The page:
Graduation : B.Tech Comp. Sc. (2011)
College : JIIT, Noida
1. Why and when did you decide to do MBA? What is your plan after you complete your MBA?
It was the end of my second year in graduation when I first asked myself, “What do I want to do in life?”, and that’s when I started dreaming of having a business of my own. But not having a business background and considering the risks involved, I put my plans of entrepreneurship on hold.
After completing my graduation, I decided to gain some work experience and plan my entrepreneurial voyage alongside. But a mere six month’s tenure with a MNC was enough for me to confirm that I don’t fit the 9 to 5 culture. My discontent with the job added to the temptation of diving headfirst into entrepreneurship. But the previous apprehensions stopping me from starting a business still prevailed. I needed more time and guidance to come up with a business plan. After much deliberation, I resigned from my job and decided to study management. An MBA offered me two years of planning, highly competitive environment, guidance of faculty and invaluable management skills.
I plan to be ready with an actionable business plan at the end of these 2 years and launch the plan after passing out.
2. How did you start the preparation and what was your overall strategy?
Overall Strategy: Instead of going through the list of topics and preparing each of them separately, I based the preparation primarily on the analysis of my performance in mock tests. After the analysis I targeted only the weak areas.
Verbal Ability: If you are a habitual reader, you can read, analyse and assimilate any text faster than others. I used to (still do) read a lot and continuously evaluated my approach towards VA problems by comparing my thought process with the mock test solutions given by coaching institutes.
*My opinion on vocabulary preparation: Either add 1000 or more words to your vocabulary or none. There is not much benefit in going half way.
QA and DI: (I am an Engineer): Rather than spending my time on understanding the shortcuts given by coaching institutes, I used to put in efforts to solve as much questions as possible on my own. This way I discovered my own shortcuts, which I could never forget during exams.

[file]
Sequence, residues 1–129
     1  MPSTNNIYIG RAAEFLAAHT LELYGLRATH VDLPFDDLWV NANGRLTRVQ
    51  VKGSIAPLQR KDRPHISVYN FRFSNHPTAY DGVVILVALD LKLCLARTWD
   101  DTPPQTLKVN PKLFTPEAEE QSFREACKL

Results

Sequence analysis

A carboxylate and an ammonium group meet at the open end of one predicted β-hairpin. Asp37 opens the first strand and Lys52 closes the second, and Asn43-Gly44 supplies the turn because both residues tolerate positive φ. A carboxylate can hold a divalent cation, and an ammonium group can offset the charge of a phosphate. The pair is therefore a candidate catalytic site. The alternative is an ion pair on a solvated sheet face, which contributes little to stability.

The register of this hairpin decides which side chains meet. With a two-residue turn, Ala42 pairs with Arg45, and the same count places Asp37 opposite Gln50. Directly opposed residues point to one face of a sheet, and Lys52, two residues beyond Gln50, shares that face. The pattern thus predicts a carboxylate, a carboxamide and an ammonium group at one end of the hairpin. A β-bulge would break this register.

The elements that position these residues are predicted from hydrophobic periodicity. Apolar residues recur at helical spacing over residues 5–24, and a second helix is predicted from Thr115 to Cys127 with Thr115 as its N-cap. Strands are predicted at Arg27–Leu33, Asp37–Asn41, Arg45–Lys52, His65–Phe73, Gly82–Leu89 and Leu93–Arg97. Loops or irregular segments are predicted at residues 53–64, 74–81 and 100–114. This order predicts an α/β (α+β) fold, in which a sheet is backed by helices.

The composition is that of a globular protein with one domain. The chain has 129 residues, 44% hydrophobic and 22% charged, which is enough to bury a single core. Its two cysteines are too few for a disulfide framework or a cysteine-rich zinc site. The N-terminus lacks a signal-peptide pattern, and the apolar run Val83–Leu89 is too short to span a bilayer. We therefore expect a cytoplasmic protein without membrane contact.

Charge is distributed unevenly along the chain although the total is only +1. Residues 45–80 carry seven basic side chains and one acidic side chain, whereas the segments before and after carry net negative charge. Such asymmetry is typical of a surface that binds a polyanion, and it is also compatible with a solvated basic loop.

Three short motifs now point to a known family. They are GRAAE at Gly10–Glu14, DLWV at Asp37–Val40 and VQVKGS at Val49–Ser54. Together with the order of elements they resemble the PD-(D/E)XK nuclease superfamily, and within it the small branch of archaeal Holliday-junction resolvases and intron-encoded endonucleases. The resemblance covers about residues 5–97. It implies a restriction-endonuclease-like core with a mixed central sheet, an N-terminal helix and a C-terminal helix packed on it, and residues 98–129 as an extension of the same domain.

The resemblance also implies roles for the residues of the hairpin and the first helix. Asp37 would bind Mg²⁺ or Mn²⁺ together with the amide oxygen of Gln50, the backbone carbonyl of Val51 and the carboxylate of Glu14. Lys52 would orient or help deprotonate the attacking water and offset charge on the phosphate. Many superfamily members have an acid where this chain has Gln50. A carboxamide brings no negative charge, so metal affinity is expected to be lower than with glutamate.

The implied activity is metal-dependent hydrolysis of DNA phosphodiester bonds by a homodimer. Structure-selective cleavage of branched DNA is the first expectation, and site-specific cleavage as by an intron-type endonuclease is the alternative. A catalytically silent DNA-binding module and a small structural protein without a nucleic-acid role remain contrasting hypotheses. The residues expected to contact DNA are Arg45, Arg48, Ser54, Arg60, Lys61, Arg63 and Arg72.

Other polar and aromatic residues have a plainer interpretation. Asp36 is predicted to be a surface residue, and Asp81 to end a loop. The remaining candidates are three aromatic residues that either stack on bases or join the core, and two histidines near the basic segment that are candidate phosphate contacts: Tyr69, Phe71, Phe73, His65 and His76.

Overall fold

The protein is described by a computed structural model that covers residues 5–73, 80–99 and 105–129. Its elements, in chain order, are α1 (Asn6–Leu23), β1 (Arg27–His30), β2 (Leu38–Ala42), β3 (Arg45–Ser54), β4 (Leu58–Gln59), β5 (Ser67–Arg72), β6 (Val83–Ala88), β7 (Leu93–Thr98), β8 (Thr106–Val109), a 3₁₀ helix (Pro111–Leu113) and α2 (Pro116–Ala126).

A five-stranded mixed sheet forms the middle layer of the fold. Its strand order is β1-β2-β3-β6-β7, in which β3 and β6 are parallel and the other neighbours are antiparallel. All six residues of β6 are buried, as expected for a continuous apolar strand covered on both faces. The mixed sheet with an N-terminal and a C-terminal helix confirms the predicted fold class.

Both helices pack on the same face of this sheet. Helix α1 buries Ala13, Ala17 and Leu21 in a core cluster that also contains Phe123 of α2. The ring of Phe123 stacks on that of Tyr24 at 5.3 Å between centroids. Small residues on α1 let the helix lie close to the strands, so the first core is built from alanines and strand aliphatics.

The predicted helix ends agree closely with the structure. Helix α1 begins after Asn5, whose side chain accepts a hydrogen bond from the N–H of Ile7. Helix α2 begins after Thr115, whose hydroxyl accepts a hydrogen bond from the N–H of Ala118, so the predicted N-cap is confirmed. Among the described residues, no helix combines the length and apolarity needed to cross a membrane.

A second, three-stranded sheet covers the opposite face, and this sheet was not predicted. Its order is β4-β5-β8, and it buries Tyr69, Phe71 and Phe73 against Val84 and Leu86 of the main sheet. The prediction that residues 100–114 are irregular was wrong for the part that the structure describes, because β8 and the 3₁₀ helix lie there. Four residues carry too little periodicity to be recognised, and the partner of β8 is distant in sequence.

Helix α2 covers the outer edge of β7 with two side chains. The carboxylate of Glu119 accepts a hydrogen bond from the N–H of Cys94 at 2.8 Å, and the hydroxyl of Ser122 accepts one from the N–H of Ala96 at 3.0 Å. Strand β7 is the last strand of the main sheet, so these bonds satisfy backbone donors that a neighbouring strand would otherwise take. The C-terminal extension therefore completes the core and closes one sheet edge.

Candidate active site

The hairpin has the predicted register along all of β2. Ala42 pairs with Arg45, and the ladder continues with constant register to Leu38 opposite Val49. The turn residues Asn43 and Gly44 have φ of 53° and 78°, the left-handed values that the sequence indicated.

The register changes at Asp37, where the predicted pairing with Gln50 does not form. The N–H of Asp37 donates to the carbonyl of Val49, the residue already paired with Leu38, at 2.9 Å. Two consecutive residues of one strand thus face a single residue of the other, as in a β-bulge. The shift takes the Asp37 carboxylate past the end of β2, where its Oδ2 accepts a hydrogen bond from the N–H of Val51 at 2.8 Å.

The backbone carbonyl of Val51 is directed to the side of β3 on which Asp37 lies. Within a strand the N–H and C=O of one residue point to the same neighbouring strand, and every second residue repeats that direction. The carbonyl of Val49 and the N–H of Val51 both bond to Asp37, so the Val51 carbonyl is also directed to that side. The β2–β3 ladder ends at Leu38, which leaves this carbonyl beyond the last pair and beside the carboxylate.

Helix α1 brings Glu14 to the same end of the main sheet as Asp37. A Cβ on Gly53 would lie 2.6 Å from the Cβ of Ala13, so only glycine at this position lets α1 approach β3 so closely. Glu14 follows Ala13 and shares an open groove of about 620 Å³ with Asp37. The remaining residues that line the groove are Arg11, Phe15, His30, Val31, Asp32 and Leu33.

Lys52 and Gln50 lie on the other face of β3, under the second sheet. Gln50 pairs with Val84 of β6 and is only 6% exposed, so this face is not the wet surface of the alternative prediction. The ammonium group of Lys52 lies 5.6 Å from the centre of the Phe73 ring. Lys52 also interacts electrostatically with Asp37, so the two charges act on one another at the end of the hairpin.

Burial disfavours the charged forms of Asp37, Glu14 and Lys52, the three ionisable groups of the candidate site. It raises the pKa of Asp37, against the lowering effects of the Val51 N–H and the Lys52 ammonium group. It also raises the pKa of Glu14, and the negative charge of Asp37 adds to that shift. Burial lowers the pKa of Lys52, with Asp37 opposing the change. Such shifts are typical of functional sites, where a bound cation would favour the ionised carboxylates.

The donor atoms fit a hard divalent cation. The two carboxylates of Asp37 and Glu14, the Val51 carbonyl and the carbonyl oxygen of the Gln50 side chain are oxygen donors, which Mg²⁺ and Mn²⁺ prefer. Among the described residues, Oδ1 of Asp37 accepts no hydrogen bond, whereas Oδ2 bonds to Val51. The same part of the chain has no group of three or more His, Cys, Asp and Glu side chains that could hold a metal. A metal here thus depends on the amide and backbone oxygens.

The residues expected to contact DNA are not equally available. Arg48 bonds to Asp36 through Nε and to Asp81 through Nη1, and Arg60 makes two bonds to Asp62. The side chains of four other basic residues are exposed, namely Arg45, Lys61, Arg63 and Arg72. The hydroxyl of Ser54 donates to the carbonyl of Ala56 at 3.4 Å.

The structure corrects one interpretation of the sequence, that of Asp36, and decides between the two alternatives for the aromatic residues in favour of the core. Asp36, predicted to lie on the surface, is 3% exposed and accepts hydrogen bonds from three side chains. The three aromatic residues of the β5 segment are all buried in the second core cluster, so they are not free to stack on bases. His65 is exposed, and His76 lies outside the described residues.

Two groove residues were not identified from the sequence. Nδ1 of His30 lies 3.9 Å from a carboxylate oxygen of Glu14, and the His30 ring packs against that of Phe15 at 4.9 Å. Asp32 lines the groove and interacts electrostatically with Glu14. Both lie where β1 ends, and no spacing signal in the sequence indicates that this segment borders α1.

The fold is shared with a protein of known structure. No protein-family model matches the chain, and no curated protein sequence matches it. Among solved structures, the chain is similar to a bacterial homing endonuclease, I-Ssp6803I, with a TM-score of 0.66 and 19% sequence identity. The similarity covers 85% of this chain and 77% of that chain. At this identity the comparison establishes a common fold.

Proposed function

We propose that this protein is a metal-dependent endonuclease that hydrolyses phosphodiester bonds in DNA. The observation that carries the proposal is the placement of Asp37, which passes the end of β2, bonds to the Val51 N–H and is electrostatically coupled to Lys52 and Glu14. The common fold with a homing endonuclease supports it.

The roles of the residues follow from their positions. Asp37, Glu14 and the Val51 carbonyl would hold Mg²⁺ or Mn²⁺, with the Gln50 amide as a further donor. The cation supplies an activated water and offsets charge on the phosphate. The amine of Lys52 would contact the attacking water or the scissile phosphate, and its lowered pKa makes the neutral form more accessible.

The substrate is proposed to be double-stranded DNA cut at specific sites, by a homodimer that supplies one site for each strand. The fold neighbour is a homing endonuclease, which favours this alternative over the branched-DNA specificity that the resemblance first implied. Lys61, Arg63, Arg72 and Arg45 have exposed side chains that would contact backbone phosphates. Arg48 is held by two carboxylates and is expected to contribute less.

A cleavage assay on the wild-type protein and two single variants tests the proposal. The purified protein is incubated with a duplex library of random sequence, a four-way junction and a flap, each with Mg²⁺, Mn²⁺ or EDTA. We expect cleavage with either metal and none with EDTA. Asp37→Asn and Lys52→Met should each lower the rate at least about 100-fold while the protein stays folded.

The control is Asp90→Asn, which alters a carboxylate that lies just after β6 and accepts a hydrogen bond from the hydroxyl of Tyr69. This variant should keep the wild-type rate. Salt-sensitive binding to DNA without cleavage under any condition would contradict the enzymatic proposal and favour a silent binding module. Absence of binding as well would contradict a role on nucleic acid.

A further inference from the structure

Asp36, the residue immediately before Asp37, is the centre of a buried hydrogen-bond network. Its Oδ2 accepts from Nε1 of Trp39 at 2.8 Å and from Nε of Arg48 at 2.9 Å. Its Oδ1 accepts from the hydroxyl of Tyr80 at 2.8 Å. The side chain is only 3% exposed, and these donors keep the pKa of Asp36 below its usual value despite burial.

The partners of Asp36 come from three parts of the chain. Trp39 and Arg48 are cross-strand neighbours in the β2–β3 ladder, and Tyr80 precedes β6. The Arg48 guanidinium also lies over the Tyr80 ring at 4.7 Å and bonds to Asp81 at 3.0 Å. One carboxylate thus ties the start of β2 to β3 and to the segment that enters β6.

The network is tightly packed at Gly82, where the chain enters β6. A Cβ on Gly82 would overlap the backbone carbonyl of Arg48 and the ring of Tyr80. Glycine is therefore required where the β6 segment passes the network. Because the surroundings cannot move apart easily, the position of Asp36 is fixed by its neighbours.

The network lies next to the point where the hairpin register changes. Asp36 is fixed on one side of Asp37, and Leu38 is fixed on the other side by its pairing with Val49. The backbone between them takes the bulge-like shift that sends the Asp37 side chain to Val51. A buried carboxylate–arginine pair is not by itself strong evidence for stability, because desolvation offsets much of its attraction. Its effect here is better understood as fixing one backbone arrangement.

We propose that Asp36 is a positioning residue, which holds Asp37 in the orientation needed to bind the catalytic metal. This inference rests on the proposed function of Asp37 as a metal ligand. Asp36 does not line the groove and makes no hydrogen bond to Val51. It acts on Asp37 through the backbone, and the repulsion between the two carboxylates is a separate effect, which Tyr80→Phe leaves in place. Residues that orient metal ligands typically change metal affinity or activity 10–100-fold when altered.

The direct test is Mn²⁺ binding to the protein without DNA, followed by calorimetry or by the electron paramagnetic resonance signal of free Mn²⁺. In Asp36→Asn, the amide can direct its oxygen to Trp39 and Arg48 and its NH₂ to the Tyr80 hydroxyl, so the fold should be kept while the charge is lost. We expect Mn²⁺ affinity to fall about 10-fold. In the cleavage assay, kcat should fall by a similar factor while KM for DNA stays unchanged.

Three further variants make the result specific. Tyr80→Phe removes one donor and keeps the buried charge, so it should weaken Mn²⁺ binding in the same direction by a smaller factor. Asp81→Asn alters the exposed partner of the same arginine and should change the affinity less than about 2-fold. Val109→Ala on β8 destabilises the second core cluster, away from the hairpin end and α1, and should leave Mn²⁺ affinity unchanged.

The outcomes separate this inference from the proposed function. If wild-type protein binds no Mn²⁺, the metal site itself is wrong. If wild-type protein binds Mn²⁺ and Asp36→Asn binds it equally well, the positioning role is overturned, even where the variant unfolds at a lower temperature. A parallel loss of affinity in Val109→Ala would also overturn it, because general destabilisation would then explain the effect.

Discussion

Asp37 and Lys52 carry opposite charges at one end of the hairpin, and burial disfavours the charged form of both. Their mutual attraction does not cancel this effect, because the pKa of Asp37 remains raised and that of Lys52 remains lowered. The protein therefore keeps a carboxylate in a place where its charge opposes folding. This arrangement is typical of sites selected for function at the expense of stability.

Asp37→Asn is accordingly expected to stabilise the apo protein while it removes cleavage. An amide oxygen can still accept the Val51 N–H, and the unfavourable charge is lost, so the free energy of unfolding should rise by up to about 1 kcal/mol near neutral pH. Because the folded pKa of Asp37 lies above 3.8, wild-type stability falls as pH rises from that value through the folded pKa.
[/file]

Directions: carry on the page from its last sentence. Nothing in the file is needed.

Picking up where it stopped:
LR: No strategy in particular, I practiced as much as possible.
3. Please share your WAT/PI experience in detail.
WAT Topic: Capitalism is dead and Socialism is here to stay.
General reading and awareness helped me give a well informed answer.
PI: I was asked about my future plans and subsequently about entrepreneurship. Some questions on IPR laws and trademarks as I had a subject on Social and Legal issues in graduation. Some questions on graphs and quadratic equations were also asked.
4. Which institutes offered you final admission? Why did you choose IIM Kashipur?
IIM Raipur and IMT, Ghaziabad
Preferred Kashipur over IMT due to the prestige associated with IIMs.
Chosen Kashipur over Raipur considering the small batch size of 40. I firmly believe that a large batch size dilutes the quality of education. A batch size of 120 at Raipur was a turn off for me.
5. Do you think it is possible to crack CAT without taking formal coaching? What would you suggest the CAT 2012 aspirants who would like to prepare by themselves?
Yes, I do believe that one can ace CAT even without any formal coaching, but appearing for mocks is compulsory to gauge your preparation. See the answer to question number 2 for more details.
6. CAT saw a major change in the format & pattern in 2011. How did you prepare for it? Did this new pattern cause any hindrance in your preparation or exam taking strategy?
I found the new pattern easier as I had to worry about clearing only two cut-offs instead of three. Also, I felt that the probability of giving a better performance increased as the probability of good performance of a prepared candidate increases with the number of questions. In 2010 and earlier formats, we had to find solvable questions among 20 questions and repeat the process three times. In 2011, it was easier to find solvable questions among a larger bank of 30 questions and repeat the process only two times.
7. What was your strategy for time management?
The new pattern made the time management easier as we were now forced to spend equal time on the two sections. For solving the individual sections, I followed the traditional advice. Quickly skip over difficult questions and solve the easier questions first.
8. What is your message for the MBA aspirants who will take CAT 2012 and other exams of the season?
Solve and more importantly analyse as many mock tests as possible. I found the reverse flow of preparation i.e. first giving mock tests and then preparing the weak topics to be much more time efficient than first preparing all the topics individually and then giving the mock tests.
And most importantly, keep your calm on the D-day.